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Medication for Social Anxiety

Numerous studies have concluded the most effective and longest-lasting treatment for Social Anxiety Disorder is cognitive behavioral therapy. However, some people prefer to rely on medication to manage their social anxiety, and there are several effective medications used to treat anxiety.

Antidepressants were originally designed to treat depression, but they can also be helpful short-term treatment helpful for social phobia. They are probably more commonly prescribed for social phobia than traditional anti-anxiety medications. Antidepressants usually take several weeks to start working. Many cause side effects such as headache, nausea, or difficulty sleeping. They are usually not a problem for most people, especially if the dose starts off low and is increased slowly over time. Talk to your doctor about any side effects you may have. Most people who take antidepressants to treat anxiety experience relapse once medication is discontinued.

A type of antidepressant called monoamine oxidase inhibitors (MAOIs) can be more effective in treating social phobia. However, they are rarely used as a first line of treatment because when MAOIs are combined with certain common foods or other medicines, dangerous side effects can occur, including death.

Although antidepressants can be safe and effective for many people, they can be dangerous for some, especially children, teens, and young adults. A "black box"—the most serious type of warning that a prescription drug can have—has been added to the labels of antidepressant medications. These labels warn people that antidepressants may cause some people to have suicidal thoughts or make suicide attempts. Individuals taking antidepressants should be monitored closely, especially at the beginning of treatment.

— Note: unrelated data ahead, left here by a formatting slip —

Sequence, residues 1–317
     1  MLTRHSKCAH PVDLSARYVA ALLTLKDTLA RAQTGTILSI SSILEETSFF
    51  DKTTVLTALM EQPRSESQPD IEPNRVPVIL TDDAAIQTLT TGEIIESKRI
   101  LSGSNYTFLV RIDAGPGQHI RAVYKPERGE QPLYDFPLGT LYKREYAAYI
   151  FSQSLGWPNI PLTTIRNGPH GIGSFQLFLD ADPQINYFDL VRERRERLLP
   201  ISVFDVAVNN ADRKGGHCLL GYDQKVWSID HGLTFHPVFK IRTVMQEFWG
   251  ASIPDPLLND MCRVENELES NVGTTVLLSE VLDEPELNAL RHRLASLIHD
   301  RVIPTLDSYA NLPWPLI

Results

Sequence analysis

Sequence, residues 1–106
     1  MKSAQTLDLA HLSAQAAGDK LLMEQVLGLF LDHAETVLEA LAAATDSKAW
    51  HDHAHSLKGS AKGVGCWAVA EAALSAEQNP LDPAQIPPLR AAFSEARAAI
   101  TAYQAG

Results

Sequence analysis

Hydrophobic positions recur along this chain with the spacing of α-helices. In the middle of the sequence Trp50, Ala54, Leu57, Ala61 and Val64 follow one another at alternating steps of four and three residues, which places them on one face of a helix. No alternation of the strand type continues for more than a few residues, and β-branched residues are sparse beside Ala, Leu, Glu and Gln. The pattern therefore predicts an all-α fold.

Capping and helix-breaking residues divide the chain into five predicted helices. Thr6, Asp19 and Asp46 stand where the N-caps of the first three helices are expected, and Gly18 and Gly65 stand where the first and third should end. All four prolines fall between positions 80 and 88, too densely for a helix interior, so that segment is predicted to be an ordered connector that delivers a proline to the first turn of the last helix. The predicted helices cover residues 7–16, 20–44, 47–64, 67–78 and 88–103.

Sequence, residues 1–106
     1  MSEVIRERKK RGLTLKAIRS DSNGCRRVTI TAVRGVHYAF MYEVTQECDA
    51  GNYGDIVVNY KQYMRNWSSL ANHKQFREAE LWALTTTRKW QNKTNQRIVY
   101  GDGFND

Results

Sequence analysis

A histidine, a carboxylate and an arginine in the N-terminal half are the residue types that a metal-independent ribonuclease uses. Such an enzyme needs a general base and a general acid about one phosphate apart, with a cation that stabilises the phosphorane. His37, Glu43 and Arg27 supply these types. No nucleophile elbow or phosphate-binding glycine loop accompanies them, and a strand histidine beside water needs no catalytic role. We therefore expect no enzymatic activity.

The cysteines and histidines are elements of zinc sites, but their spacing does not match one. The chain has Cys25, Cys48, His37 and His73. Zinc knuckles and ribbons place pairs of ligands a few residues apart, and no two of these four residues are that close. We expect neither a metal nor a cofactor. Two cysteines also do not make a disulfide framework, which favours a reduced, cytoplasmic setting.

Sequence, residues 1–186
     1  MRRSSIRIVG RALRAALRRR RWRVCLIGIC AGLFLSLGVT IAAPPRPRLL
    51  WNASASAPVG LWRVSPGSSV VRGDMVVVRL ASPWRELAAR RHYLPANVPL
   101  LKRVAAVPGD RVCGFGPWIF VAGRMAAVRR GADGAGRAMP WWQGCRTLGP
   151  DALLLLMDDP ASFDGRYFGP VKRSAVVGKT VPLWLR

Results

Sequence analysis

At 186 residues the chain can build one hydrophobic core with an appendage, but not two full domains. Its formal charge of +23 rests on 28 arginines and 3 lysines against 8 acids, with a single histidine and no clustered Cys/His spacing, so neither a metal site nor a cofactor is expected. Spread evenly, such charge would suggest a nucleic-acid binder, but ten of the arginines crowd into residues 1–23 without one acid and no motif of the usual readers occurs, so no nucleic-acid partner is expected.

Beta-blockers, another kind of medication, can help control some of the physical symptoms of social phobia such as excessive sweating, shaking, or a racing heart. Usually they are prescribed when symptoms of Social Anxiety is more akin to performance anxiety, also known as stage fright.

If you are considering medication to treat social anxiety, it is important you speak with a mental health professional. 

This information provided courtesy of NIMH